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B2B online myths

27 June, 2022 Reading: 3:07 mins
Sarah Reakes

By Sarah

‘e-commerce’ is a term older than many of us – but it’s very much a current growth area for B2B sales, so it’s time to look at a few myths.

B2B online myths

1. Face to face selling is still the most important B2B channel

Not any more, it seems. A recent McKinsey report asked B2B sales leaders to rank their highest-revenue channels. Online ranked first equal by revenue along with face-to-face at 18% each, while 32% of the same group ranked e-commerce top as the single ‘most effective sales channel’. For the first time in the survey’s history, e-commerce outranked face-to-face in effectiveness, face-to-face falling by nearly a fifth to 23% in less than a year.

e-commerce was the most effective sales channel”

2. B2B buyers’ habits may have changed a bit, but they still really buy in much the same way they did three years ago

I feel (and Dun&Bradstreet agree) that the pandemic has upended the ways many of us work, made buyers harder to identify, and probably changed the tools and techniques B2B buyers use for making big decisions. McKinsey tell us that two-thirds of B2B buyers now choose digital or remote in-person engagement with a supplier over face-to-face when offered the choice. Various sources say that in tech buying, 45% of decision makers are millennials under 34, and 75% are 44 or younger.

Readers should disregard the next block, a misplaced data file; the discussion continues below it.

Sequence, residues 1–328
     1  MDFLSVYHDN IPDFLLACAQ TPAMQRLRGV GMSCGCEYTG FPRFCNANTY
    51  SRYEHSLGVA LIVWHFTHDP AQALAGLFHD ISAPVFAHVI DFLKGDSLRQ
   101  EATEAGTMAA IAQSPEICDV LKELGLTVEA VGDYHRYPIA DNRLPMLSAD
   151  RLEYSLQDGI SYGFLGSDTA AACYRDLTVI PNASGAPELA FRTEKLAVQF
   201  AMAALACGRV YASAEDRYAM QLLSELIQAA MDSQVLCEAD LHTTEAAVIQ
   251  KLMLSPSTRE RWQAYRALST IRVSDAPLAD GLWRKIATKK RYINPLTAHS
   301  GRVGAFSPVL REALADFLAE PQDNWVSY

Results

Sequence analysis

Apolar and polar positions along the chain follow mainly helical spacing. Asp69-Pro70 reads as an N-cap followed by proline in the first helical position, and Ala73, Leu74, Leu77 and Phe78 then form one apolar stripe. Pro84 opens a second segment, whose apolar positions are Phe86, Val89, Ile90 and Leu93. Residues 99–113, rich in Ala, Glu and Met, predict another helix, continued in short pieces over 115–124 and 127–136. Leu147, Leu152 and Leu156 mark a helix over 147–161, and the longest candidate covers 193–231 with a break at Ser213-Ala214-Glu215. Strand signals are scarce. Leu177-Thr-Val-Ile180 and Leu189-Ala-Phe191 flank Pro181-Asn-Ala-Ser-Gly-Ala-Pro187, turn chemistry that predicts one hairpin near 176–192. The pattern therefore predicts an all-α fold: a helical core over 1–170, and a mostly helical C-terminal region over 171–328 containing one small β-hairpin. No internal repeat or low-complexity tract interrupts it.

Many of us work endlessly on Teams and Slack and face-to-face working has become rarer for most. We’re all more at ease with making big decisions with others remotely from anywhere, perhaps at odd hours of the day. And a great online offer lends itself to remote and distributed decision making. I have no doubt factors like this have pushed up the rise in volume and value of online B2B sales.

3. Fully online, no-touch purchases are really for low-value and repeat purchases

Not any more. According to a McKinsey report from late 2021, 35% of US buyers are willing to spend $500,000 or more in a single transaction on digital channels (up by two-thirds in less than a year), and a whopping 15% of corporate decision makers are comfortable making single purchases worth more than $1 million online.

15% of B2B buyers are comfortable making purchases worth more than $1 million online”

4. A good basic ‘shop window’ website will do

Wrong – I think it’s clear now that your website is one anchor, it needs to be world-class and set up to take that big order, but with potential seven-figure orders coming in online the entire chain needs looking at from the first touch to post-sales support, and it needs to be seen as an ongoing high-quality engagement – a conversation. Top brands look at their entire online ‘surface area’ and manage it well: they take a strong and clear brand offer and make this tangible in their owned websites and social media. They use it to build the right strategy for their online marketing through partners and shared marketplaces. Even with small orders your prospects now expect a logical and seamless online experience – hopefully an enjoyable one – regardless of where and when they interact with you, or where they are in their buying process.

All in all it seems clear that the pandemic has made some changes to our online buying habits, including some overdue changes in B2B, and it’s probably permanent. This makes a high-quality online experience a top priority for marketing leaders now in B2B.

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